New Delhi, May 23 (IANS) The Supreme Court on Wednesday said it will hear on May 24 pleas filed by candidates who appeared for Common Law Admission Test 2018 (CLAT) and are seeking direction to quash the examination and to hold it afresh.
A bench of Justice A.M. Khanwilkar and Justice Navin Sinha sought to know if any high court in the country has passed any order on similar pleas filed before them. The bench also asked whether authorities have filed their response before any high court on the pleas.
It asked the petitioners’ counsel to provide the copy of petitions to the National University of Advanced Legal Studies (NUALS), Central government and the Core Committee of CLAT.
Six CLAT candidates have moved the apex court seeking directions to quash the exam and conduct it afresh, as the examinees faced many technical problems during the online test, besides poor infrastructure at examination centres and lack of proper guidance from the staff.
They have also prayed for stay on publication of final result-cum-merit list till the disposal of petitions.
CLAT 2018 was conducted by NUALS on May 13 with the aid and assistance of a private company, M/s Sify Technologies Ltd.
The manner in which the examination was held has jeopardized the future of thousands of students who took the examination, the pleas said.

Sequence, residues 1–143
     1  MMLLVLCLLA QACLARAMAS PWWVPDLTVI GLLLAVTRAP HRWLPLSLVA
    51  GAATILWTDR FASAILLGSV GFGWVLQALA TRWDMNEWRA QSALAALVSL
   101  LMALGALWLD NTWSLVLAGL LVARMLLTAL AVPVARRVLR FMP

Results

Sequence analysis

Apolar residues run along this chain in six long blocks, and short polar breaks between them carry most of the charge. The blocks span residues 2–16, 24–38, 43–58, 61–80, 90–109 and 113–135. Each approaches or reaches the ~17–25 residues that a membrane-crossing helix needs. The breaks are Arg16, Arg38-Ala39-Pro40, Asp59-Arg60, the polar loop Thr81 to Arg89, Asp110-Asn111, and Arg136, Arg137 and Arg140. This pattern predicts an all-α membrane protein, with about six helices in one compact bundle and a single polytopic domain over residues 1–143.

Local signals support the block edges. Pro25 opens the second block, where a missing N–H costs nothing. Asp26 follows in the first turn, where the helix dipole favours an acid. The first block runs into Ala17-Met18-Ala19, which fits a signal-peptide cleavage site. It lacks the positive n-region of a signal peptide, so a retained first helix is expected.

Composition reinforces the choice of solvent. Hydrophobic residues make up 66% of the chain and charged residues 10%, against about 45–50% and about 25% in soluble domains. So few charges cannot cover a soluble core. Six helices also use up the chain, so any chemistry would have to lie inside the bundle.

They have submitted that students across various states faced serious problems at almost 200 online examination centres and said prerequisites of proper electronic and online infrastructure were not made available while conducting the exam.
The pleas said problems during the examination included power cuts, failure of log-in system, slow biometric verification, blank screens, substantial loss of time in system log-ins, frequent resetting of computer systems, hanging of computer systems, server shutdown and difficulties in moving from one question to another.
These difficulties lead to significant loss of time (averaging about 5-30 minutes from student to student), which spoiled the very essence of an online competitive exam of 120 minutes wherein a student is expected to answer 200 questions, the petitions stated.
The ranking of a student can slip by a thousand or more ranks by a simple difference of one or two incorrect answers/ un-attempted questions, which is gross violation of fundamental rights of students under Articles 14 and 21 of the Constitution of India, said the pleas.
“For instance, at an examination centre at Hissar in Haryana, some students were seen attempting the examination till 7.00 p.m, whereas the exam was expected to conclude at 5.00 p.m itself. In essence, it is submitted that petitioners and thousands of other similarly placed students were compelled to take the examination under grossly unfair condition seriously jeopardizing their result,” the petitions submitted.